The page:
Align your sales and marketing efforts along these same lines, Leaver said, through targeted efforts utilizing SEO, mobile search marketing, social media and customer demographics, rather than mass publicity efforts. Smart targeting, along with an emphasis on discoverability (by going where audiences are and marketing to them directly) and multi-platform campaigns, are the key to cutting through the noise and reaching an audience.
Make sure your authors are on board with these efforts, Leaver said, by encouraging them to utilize social media to connect with fans in a meaningful way. Encourage all authors to see themselves as engaging in brand, rather than book-by-book, marketing, taking a long view of accumulating sales in an era where titles do not need to be on the shelf of your local brick-and-mortar to sell. Fully 60 percent of Sterling's revenue comes from the backlist, Leaver said.
"Our biggest challenge will not be ebooks," he said. "Our biggest challenge will be in putting all of the above together so publishers can continue to be necessary."
Aggregation: Friend or Foe?
For the morning's third keynote event, New York Times media columnist David Carr engaged in conversation with Josh Quittner, editorial director at news and social media aggregator Flipboard.
A sophisticated aggregation app, Flipboard creates a "natural, paginated interstitial" mimicking the print magazine experience to make content more appealing, Quittner said. The company shares some of the revenue from featured advertising with publisher partners.
Carr confessed his love for Flipboard but compared the newfangled platform to a well-dressed young male offering to be his wingman at a bar—what is he really after with the partnership? "I'm thinking to myself, friend? Enemy? Frenemy?" he said to chuckles from the crowd. "Should we love you or fear you?"
"I would not have gone to Flipboard if I did not believe it was part of the solution for publishers," replied Quittner, who left Time Inc. for the venture-backed startup last year. Flipboard and other apps like it, he said, can help publishers capitalize on the great opportunity afforded by digital media.
Carr compared Flipboard to Twitter, which he called "a human-enabled RSS," because the curation role passes out of the hands of editors to be taken over by social media contacts. With its "cover story" feature, Flipboard takes this a step further, curating the curators by sorting through all of a user's connections to pull out the most interesting content.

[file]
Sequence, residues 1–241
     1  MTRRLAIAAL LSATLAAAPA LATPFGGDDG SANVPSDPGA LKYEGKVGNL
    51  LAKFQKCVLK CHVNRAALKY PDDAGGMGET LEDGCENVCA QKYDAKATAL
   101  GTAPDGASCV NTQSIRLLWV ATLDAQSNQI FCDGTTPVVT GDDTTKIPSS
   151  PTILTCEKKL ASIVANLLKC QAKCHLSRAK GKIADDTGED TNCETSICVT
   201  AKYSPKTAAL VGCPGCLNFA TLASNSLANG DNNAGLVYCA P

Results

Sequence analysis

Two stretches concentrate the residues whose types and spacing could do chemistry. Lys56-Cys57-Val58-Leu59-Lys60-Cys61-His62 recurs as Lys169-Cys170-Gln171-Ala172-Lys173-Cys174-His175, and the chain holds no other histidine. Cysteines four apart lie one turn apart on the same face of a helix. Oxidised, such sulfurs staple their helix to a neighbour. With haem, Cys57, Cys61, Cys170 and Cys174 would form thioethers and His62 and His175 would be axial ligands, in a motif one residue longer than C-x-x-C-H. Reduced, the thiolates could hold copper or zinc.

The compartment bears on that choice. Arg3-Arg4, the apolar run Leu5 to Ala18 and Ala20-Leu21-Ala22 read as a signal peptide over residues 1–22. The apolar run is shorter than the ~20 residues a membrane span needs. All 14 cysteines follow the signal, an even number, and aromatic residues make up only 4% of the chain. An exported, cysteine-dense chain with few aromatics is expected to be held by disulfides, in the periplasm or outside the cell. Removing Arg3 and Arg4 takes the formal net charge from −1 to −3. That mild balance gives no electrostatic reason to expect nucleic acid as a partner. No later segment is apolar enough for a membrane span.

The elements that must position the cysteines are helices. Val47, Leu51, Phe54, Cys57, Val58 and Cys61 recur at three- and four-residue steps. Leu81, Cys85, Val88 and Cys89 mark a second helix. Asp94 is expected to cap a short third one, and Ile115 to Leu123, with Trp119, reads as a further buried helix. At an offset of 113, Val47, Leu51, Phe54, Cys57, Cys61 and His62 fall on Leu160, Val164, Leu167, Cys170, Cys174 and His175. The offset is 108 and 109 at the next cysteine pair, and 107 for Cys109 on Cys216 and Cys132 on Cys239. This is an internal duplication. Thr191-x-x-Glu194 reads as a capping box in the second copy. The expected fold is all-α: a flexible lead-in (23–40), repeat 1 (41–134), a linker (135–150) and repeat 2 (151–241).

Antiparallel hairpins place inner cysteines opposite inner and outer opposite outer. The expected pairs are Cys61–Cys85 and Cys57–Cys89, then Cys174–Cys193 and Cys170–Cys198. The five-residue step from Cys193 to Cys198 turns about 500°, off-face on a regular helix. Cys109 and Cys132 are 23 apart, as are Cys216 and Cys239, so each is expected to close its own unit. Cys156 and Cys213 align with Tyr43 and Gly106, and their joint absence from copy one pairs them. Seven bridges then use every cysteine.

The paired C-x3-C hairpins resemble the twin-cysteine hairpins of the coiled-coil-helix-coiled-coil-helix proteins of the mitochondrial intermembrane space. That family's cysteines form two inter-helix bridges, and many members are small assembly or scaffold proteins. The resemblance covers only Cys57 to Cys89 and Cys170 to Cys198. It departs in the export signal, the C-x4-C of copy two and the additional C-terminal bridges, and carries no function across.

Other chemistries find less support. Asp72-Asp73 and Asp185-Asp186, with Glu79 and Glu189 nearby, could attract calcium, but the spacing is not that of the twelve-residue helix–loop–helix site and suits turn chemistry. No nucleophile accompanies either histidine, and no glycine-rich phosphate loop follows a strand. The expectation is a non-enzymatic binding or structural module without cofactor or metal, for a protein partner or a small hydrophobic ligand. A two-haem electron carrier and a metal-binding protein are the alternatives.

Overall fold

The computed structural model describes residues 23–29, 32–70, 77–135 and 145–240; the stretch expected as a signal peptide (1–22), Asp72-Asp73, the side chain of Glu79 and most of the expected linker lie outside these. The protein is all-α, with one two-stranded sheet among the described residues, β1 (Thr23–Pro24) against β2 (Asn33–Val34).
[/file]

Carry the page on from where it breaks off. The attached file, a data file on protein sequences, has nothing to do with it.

None of this, Quittner says, diminishes the content creator's role, because distribution and the development of the technology behind it has never been central to publishing's mission.
Quittner pointed out that up to 50 percent of the costs incurred by newspapers and magazines go to distribution, a challenge to which Carr added the difficulty of obtaining new readers. Quittner said Flipboard can help overcome both these hurdles. "The New York Times should … be everywhere, and do deals with the Flipboards of the world, and Pulse, and Zite and Facebook and Tumblr and everybody else. Because where once you controlled distribution, now you don't anymore. But that turns out to be a relatively easily solvable problem if you open up your content, if you atomize it, if you let it go anywhere [readers go] to find relevant articles and you have great advertising against it."
Asked about Flipboard's business model, Quittner said that the plan is to be profitable through ad sales. "If you guys sell ads, we'll do OK," he said. "We eat after you do."
Quittner argued that partnerships between content producers and platform providers are the surest way to ensure the health of publishing going forward.
"The reality is, it's happening," he said of the move to digital. "And the question is, what are you going to do to survive, and what are you going to do to thrive? The thing that I love about Flipboard's model is, we don't survive unless you survive." BB